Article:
Modeling Doors

About Doors

Doors can be added in plan, elevation, section or a 3D view. Doors are loadable families, which means that the family of the door (sizes, shapes, design) can be customized and placed in the library to later load them in your project.

Doors are dependent elements on their host which is usually a wall. Like in real life, a door cannot be placed if there is no wall on site. Similarly, in Revit, a door cannot be placed without a wall.

Tutorial Objective:

In this tutorial, you will learn,

Sample Problem:

  • Add doors of following types in the Ground Floor layout as shown below:
    • Door_Single Panel: 0.9 x 2.1 m (all doors except the entrance door)
    • Door_Entrance: 1.50 x 2.63 m (at the entrance of the residence)

M2 Doors Tutorial

Sample Files required for this tutorial:

If you do not have the following files, please download them from here.

  1. “TutorialDoors_Input_LearningRevitOnline.rvt”
  2. Door Family files: “Door_Single Panel.rfa” and “Door_Entrance.rfa”

Solution:

  1. Open tutorial file ‘TutorialDoors_Input_LearningRevitOnline.rvt’ in Revit. This project file already contains walls in the Basement and Ground Floor levels.
  2. Navigate to the floor plan of  “00 Ground Level”.
  3. Doors are loadable families which means we will first need to load the family of the doors from the library (if it is not already loaded in your project).
  4. To load a family into the project:

    • Click Insert tab -> Load from Library panel -> Load Family
    • Navigate to the folder where you have downloaded and saved the Door_Single Panel.rfa (If you do not have this file yet, please download it from here).
      • Note: By default, Revit will navigate to the library where default Autodesk families are stored. If you do not find this path when you need it, try to locate it on your PC at : %ALLUSERSPROFILE%\Autodesk\RVT 2019\Libraries (If you cannot still find the location of your family library, please see this Video Tutorial: Locating your family folder )M2 Doors 1.jpg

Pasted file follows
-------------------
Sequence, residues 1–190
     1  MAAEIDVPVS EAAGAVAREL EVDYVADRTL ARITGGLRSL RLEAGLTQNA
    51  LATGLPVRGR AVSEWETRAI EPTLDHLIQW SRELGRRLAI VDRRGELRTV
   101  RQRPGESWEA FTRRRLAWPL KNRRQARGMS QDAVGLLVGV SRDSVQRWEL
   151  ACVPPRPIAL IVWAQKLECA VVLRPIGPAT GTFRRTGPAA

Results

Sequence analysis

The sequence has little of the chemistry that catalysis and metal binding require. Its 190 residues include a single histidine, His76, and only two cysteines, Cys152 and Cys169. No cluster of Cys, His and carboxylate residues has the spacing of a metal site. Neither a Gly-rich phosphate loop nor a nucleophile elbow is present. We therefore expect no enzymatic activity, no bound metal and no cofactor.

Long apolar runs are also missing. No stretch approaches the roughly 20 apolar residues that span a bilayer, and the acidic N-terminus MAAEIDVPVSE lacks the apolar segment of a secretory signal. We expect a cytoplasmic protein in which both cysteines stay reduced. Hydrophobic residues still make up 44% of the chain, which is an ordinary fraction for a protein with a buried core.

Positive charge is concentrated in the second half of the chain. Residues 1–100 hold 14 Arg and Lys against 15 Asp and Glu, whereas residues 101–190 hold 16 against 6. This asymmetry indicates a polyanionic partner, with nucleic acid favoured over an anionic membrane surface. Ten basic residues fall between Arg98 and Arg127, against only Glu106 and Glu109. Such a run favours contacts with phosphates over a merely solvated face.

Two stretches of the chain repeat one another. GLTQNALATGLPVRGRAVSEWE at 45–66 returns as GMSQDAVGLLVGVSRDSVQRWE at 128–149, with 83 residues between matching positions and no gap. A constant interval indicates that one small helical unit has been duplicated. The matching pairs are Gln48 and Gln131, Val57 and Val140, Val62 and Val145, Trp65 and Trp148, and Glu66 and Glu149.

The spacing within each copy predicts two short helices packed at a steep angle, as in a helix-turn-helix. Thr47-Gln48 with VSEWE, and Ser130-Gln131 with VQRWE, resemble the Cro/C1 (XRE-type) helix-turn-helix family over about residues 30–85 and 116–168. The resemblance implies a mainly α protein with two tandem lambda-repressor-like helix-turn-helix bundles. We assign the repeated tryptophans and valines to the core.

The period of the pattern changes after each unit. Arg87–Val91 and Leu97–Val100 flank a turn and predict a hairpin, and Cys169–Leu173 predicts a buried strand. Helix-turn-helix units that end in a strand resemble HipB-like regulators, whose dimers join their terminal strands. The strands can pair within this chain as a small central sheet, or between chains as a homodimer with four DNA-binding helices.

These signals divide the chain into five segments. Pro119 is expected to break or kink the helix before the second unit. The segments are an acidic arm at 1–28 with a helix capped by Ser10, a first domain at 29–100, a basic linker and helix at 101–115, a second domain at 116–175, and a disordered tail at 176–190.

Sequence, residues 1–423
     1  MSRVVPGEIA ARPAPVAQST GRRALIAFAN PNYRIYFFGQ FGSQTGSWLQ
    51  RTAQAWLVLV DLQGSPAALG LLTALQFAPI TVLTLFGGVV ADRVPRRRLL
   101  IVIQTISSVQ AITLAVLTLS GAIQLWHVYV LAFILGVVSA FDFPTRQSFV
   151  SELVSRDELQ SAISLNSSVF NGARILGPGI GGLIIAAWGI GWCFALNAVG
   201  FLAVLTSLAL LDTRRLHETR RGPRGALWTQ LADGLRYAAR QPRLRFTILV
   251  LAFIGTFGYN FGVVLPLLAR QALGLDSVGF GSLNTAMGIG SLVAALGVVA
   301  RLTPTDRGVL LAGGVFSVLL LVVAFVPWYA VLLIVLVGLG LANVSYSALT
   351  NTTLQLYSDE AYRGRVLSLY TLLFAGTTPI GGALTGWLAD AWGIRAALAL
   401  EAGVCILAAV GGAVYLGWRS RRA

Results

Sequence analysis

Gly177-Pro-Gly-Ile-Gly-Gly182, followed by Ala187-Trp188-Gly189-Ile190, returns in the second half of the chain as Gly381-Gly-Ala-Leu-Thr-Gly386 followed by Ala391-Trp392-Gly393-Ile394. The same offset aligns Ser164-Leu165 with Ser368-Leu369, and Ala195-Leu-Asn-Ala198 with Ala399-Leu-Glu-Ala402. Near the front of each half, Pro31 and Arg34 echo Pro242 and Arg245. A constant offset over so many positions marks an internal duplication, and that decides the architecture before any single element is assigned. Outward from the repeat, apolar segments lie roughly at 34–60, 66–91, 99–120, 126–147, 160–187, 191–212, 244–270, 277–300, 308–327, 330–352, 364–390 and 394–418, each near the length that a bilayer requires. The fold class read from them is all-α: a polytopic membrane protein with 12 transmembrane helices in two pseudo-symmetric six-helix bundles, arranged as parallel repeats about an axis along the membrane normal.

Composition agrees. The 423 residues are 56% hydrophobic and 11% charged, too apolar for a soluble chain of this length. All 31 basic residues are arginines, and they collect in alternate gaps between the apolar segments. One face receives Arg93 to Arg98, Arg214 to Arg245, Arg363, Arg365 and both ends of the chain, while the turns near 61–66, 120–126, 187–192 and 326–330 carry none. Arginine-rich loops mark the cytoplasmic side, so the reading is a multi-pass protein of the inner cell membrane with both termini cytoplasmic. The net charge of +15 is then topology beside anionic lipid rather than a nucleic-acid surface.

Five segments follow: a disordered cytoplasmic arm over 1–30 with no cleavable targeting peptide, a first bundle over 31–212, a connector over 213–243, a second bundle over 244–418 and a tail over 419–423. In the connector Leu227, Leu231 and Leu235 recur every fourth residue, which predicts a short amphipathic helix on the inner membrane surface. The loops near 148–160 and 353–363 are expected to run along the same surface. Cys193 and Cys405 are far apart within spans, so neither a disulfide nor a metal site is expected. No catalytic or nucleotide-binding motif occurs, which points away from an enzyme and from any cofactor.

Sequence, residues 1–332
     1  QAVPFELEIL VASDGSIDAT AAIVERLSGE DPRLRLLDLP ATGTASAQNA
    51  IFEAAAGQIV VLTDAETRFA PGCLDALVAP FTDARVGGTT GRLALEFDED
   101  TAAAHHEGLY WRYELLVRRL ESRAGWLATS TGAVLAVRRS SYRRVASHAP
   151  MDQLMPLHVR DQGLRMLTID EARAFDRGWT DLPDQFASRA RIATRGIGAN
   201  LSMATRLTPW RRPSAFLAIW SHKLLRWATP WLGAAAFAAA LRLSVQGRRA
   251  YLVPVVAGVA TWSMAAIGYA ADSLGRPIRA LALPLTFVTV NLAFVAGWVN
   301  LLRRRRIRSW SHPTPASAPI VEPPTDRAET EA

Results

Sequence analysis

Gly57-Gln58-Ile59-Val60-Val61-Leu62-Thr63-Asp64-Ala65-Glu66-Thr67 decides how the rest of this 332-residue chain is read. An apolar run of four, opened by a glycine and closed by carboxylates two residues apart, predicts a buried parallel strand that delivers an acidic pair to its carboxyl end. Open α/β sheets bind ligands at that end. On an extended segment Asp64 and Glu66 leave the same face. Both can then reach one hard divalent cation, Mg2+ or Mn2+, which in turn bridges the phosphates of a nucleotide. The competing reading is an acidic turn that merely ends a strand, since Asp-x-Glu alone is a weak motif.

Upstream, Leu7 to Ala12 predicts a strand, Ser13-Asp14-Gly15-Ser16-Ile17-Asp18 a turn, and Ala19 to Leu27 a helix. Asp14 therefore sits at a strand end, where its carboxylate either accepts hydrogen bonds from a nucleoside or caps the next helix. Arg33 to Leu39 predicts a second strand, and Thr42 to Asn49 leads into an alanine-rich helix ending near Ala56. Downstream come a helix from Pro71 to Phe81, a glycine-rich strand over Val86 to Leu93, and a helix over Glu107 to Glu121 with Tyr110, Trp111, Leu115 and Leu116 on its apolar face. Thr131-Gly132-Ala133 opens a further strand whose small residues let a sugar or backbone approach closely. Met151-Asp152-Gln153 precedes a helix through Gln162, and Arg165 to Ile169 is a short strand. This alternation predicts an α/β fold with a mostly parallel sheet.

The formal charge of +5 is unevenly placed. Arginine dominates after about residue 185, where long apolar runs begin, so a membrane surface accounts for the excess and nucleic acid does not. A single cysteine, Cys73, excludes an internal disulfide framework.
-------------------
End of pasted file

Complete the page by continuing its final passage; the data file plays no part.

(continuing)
• Select the file and Click Open.
    • The family has been loaded into the project.
  5. Now, before we add the doors into our model, we must create the Door types with the specific sizes as required for our project.
  6. To customize the door sizes and create new door types:

    • Click Architecture tab -> Build panel  -> Door
      • Alternatively, use “DR”as keyboard shortcut.
    • From the type selector, select any of the types available for Door_Single Panel family.
    • From the properties, select Edit Type to access Type properties palette.
    • Click Duplicate to create a new Door Type. In the Name dialog box, give a new name to the door type  “Door_Single Panel_0.9 x 2.1”M2 Doors 2
    • Click Ok to the Name dialog box.
    • Now, change the parameters Width to 0.9m value and Height to 2.1m value.
    • Click OK to the Type Properties dialog box.M2 Doors 3.jpg
    • A new Door type has been created.
    • Click Esc to end the Door tool.
  7. Repeat Step 4 to load the family Door_Entrance.rfa  (If you do not have this file yet, please download it from here).
  8. Repeat Step 6 to create a new door type for the Door_Entrance.rfa family. Name the new Door type as “Door_Entrance_1.50 x 2.63” and change the size parameters to width = 1.50m and height = 2.63mM2 Doors 4
  9.  Now, as all the door types are prepared, we can begin to place doors in the model.
    • TIP: If you are not sure of which type of door types to place in your design, you can always begin by placing doors of any particular type and then later change the door type to a specific one when you have the information. This can be done by simply selecting the door in the model and changing its type from the type selector.
  10. To place a door in the project:

    • Click Architecture tab -> Build panel  -> Door
      • Alternatively, use “DR”as keyboard shortcut.
    • Select the Door type Door_Entrance_1.50 x 2.63 from the type selector.
    • In the drawing area, move your cursor towards the wall where you would like to place the door (between Grid C4-C5 as shown below). Listening dimensions (in blue) will appear to support you to find the position on the wall.
      • TIP: Hover your cursor towards the direction where you would like to set the orientation of the door. The door will flip accordingly. You can also press the Spacebar to flip the door hand from left to right while placing the door in plan view.M2 Doors 5
    • Click on the wall to place the door. Do not worry about the exact positioning of the door or orientation at this moment. You can adjust this after you have placed the door.
    • Click Esc twice to end the Door tool.
    • Note that after placing the door, Revit has made an appropriate opening in the wall automatically.